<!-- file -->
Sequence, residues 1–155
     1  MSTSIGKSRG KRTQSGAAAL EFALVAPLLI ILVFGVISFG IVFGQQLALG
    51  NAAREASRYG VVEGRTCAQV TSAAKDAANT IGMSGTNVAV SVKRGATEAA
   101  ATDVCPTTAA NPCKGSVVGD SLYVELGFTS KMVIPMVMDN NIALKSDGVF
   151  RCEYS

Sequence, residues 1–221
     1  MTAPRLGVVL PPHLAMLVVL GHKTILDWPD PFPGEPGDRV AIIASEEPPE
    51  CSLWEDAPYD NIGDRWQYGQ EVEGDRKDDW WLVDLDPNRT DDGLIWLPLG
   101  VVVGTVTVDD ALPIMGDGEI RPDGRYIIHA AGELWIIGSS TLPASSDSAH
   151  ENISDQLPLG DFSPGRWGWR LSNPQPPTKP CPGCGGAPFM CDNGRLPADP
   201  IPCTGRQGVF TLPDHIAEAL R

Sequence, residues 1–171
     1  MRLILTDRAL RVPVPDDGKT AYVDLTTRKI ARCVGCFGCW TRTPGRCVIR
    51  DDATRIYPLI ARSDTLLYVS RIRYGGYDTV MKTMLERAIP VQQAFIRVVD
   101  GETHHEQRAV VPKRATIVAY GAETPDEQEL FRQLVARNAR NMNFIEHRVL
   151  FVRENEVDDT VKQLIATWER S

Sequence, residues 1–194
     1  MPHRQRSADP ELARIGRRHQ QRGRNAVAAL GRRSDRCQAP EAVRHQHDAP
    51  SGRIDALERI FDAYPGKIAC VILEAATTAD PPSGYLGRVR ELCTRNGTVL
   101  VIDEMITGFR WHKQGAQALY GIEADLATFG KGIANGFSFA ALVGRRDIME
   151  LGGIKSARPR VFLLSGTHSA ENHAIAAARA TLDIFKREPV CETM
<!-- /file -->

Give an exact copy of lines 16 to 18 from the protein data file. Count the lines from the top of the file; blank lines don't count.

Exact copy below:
   151  FVRENEVDDT VKQLIATWER S

Sequence, residues 1–194
     1  MPHRQRSADP ELARIGRRHQ QRGRNAVAAL GRRSDRCQAP EAVRHQHDAP